You know Belviq and Qsymia and Contrave and Empatic, but do you recall the still most widely used weight-loss drug of all? It seems almost like ancient history now, but back in 1999 the Food and Drug Administration approved Roche's (RHHBY -0.82%) Xenical.
Fast-forward to 2013. Many investors are excited about the prospects for a new weight-loss drug on the market from Arena Pharmaceuticals (ARNA). Many are disappointed by the sluggish start for VIVUS' (VVUS) Qsymia. And some are hopeful for potential drugs on the way from Orexigen Therapeutics (NASDAQ: OREX).
Meanwhile, Xenical still reigns as the most-used obesity drug. Are there lessons to be learned from this weight-loss drug that investors likely forgot? Let's take a look.
The tortoise and the hare
Xenical quickly became one of Roche's top-selling drugs and "exceeded expectations by a substantial margin" in the U.S. after its launch. In 2001, sales for Xenical reached $600 million -- not bad, but not blockbuster status. Unfortunately, that also marked the peak for the drug. By 2004, sales were down to $464 million, and GlaxoSmithKline (GSK 0.92%) bought the rights to sell the drug over-the-counter in the U.S. under the brand name Alli.
The lesson for today's investors is that of the old story about the tortoise and the hare. A quick start doesn't always win the race. That could be comforting for VIVUS investors. Qsymia sales in the first quarter totaled $4.1 million, well below analysts' expectations. This slow start added fuel to the fire for efforts by activist investor First Manhattan to replace VIVUS' management team.
Arena investors were excited about initial sales results for Belviq. That quick start is good news, but the real key for Arena will be to sustain solid sales. Remember: Xenical started out as a hare and morphed into a tortoise.
The real tortoise of today could be Orexigen. While Arena and VIVUS battle with their drugs already on the market, Orexigen's Contrave has yet to gain FDA approval. The company hopes to secure that go-ahead in 2014. If its large cardiovascular study goes well, Orexigen could be in position to succeed over the long run -- especially with its partnership with Takeda for commercialization of Contrave.
Market potential is still just potential
The number of obese individuals was high in the early years for Xenical. GlaxoSmithKline and Roche touted the market potential of 129 million Americans at risk for serious health concerns due to being obese or overweight. In 1999, analyst Rene Nordmann said that Xenical "will reach peak sales of up to $1 billion worldwide after five years." It didn't happen.
GlaxoSmithKline put Alli (its non-prescription version of Xenical) up for sale in 2011 along with a block of other over-the-counter drugs, although the company delayed the sale due to manufacturing problems. Despite a big marketing push, sales disappointed to the point where Glaxo didn't even break out Alli sales beginning in 2010.
When Belviq gained FDA approval last year, some analysts pegged peak annual sales for the drug at $1 billion. In August, analyst Thomas Wei projected peak sales for Qsymia at $1.2 billion (although that estimate was well below Wei's initial projection of $3.6 billion in peak sales for the drug.)Analysts also think that Orexigen's Contrave could hit peak sales around $1 billion.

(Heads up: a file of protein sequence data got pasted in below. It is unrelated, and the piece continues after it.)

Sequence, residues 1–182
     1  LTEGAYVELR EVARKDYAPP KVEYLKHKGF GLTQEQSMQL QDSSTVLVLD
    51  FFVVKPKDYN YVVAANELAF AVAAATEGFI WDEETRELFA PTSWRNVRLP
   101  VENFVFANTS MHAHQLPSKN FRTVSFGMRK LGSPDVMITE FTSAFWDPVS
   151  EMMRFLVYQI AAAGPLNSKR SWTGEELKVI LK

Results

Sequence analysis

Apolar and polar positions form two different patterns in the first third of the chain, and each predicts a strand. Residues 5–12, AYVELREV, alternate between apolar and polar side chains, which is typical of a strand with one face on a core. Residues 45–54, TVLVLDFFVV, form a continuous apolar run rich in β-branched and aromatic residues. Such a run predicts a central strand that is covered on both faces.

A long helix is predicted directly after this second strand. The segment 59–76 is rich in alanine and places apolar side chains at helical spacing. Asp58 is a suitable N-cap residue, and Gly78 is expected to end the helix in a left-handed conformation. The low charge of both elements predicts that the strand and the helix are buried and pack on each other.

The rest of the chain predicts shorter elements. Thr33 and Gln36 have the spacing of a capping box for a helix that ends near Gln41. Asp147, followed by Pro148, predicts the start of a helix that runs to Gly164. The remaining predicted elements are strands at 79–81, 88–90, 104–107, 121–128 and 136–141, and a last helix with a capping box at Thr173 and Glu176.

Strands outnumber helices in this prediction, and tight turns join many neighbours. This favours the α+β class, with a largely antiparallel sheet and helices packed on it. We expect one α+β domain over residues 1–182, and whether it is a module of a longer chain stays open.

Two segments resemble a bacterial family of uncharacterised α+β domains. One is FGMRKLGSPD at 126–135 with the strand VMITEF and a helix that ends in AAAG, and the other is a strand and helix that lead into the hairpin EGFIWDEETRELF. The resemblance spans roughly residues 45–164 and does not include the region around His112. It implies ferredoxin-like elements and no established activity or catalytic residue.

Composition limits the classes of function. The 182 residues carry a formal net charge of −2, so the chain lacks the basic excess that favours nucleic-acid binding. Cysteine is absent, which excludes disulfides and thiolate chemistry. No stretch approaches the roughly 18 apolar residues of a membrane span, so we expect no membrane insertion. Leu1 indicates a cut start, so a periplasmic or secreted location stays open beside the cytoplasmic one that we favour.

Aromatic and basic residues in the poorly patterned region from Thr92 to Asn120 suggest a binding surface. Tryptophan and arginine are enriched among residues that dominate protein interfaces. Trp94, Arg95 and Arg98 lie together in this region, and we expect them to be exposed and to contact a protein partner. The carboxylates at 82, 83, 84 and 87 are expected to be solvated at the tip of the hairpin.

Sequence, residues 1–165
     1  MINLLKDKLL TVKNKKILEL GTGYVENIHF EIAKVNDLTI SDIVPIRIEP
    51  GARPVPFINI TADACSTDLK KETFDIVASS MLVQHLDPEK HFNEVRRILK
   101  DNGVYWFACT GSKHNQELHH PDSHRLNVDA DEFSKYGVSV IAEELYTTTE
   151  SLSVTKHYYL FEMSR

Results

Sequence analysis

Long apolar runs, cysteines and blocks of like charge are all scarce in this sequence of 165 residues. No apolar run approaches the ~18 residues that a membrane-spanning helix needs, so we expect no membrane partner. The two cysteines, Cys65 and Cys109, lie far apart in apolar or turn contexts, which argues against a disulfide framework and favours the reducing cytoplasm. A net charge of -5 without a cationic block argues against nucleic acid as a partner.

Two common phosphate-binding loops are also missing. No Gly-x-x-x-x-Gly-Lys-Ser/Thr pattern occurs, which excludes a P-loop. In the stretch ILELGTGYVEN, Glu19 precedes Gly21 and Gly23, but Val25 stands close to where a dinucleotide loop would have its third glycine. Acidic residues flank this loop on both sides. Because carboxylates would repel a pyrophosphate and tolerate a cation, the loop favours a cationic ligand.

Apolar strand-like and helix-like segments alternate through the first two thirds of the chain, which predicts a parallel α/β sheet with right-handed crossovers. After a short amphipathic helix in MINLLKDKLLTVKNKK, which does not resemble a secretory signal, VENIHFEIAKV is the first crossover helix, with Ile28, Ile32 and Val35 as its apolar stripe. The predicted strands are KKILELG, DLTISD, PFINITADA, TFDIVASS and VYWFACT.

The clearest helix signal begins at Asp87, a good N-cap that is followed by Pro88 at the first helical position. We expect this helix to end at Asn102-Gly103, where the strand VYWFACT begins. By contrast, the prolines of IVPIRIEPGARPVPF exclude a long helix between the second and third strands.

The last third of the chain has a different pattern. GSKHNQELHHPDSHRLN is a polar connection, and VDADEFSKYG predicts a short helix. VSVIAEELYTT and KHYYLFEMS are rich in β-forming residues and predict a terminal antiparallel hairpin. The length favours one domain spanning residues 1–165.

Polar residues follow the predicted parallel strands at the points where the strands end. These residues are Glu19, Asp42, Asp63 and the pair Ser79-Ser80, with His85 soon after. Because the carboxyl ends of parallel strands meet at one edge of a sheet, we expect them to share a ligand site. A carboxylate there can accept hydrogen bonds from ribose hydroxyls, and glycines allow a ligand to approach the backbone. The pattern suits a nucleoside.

Deja vu? Maybe not. Times are different -- and so are the newer weight-loss drugs. However, the lesson from Xenical is still one to keep in mind: Market potential is still just potential.
Negatives add up
Perhaps the most important thing to learn from Xenical is that negatives add up. While the drug was proven to be effective in helping individuals lose weight, the side effects were and are absolutely yucky.
Xenical works by preventing absorption of fat by the body. Unfortunately, that non-absorbed fat has to go somewhere. The drug's side effects include gas, diarrhea, intestinal cramping, and oily stools. These unpleasant aspects of taking Xenical contributed to its lack of sustained commercial success.
Today's group of weight-loss drugs have their own side effects. Patients taking Qsymia, for example, commonly experience numbness or tingling in parts of the body, dizziness, loss of taste or change in the way foods taste, insomnia, constipation, and dry mouth. Belviq's common side effects include headache, dizziness, fatigue, nausea, dry mouth, and constipation. Patients with diabetes also can experience low blood sugar, back pain, and cough. The biggest concern for Contrave is potential cardiovascular issues, which necessitated the study the company has under way.
Negative effects of taking a drug can hurt its chances of becoming successful. That's not to say that side effects will derail Belviq, Contrave, or Qsymia. It's important, though, to not overlook these hurdles.
I like the old saying attributed to Mark Twain that "history doesn't repeat itself, but it does rhyme." Arena, Orexigen, and VIVUS aren't doomed to experience the same issues encountered by Xenical -- just as Xenical didn't have the same issues as Fen-Phen. However, the general lessons learned from the older drug still apply today.
At this point, Arena appears to be on the better track to achieve its market potential and avoid missteps from Belviq's negatives. Like with the tortoise and the hare, though, only time will tell which company ultimately wins the race.